The Supreme Court temporarily put two provisions of House Bill 2 on hold Tuesday, allowing some abortion clinics in Texas to reopen.
The 5th U.S. Circuit Court of Appeals had ruled earlier in October to enforce the two provisions — one requiring ambulatory services and the other requiring hospital-grade surgery facilities in all abortion clinics in Texas.
The Supreme Court ruled 6-3 to block the provisions, which would have shut down all but eight of Texas’ abortion clinics. The court made the decision in response to an emergency application filed by attorneys representing Texas women’s health care providers. The application asked for the court to reinstate U.S. District Judge Lee Yeakel’s injunction to block the ambulatory services provision of HB2.
The court did not release an expanded opinion of their decision but specified that Justices Antonin Scalia, Clarence Thomas and Samuel Alito would have rejected the emergency application completely.
In its decision, the court also said the admitting-privileges provision, which requires abortion clinic doctors to have admitting privileges at a hospital within 30 miles, would be null at the McAllen and El Paso clinics.
State Sen. Wendy Davis, D-Fort Worth, the Democratic gubernatorial candidate who filibustered an earlier version of the law in June 2013, expressed her support for the Supreme Court’s decision to block the previous ruling by the 5th Circuit Court of Appeals.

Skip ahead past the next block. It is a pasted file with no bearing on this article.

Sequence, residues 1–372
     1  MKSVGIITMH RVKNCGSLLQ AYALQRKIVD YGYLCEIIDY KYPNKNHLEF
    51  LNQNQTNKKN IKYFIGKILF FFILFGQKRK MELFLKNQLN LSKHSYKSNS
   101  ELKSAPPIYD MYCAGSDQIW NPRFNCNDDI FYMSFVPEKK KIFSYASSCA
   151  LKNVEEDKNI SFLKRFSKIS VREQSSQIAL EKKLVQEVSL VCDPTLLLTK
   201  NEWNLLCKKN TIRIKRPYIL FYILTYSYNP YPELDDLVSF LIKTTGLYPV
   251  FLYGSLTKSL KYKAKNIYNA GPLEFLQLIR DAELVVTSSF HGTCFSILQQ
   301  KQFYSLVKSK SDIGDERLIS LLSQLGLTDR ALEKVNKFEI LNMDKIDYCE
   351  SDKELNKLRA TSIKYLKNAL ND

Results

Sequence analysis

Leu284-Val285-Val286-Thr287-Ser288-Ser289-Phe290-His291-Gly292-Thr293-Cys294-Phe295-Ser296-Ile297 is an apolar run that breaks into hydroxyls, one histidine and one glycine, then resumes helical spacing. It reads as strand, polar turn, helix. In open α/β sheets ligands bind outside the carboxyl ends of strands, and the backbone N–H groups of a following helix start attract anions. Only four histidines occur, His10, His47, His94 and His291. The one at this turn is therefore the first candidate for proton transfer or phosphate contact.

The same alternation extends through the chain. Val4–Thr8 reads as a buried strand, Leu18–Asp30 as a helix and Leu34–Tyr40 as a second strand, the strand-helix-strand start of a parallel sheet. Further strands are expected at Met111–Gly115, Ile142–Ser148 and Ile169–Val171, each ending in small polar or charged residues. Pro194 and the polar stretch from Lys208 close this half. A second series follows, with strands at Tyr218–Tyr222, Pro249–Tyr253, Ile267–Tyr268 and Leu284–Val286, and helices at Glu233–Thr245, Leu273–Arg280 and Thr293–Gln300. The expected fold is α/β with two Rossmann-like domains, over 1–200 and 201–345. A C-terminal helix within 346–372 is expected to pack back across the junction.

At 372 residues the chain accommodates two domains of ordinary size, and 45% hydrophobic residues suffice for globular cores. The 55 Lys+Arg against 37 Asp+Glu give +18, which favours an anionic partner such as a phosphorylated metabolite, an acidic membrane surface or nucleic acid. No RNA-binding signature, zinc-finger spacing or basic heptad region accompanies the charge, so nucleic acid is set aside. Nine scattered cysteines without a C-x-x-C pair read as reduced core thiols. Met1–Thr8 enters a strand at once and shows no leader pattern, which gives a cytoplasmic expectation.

“The court recognizes that these deeply personal decisions should be made by a woman with the guidance of her family and her doctor,” Davis said in a statement Tuesday.
Thirteen abortion clinics in the state will be able to reopen Wednesday, according to Nancy Northrup, president and CEO of the Center for Reproductive Rights, which has represented the abortion clinics as the provisions have been deliberated by the courts.
The 5th Circuit Court will continue to review the law until it makes a final decision on its constitutionality. Lauren Bean, deputy communications director for the Texas Attorney General’s Office, said the office “will continue to defend the law, just as we defend all state laws when they are challenged in court.”
Alexander Parker, College Republicans communications director, said the decision did not mark the end of reproductive legislation decisions.
“It’s certainly been back and forth,” Parker said. “However, the attorney general has remained committed to defending HB2 as he would any other law. We’ll just have to wait to see what the final decision is.”
University Democrats President Max Patterson praised the decision as it will allow women in the state easier access to clinics.
“It means that women in Texas, including those on campus, will not see unconstitutional restrictions to their right to make their own, very personal health care decisions concerning their own bodies,” Patterson said.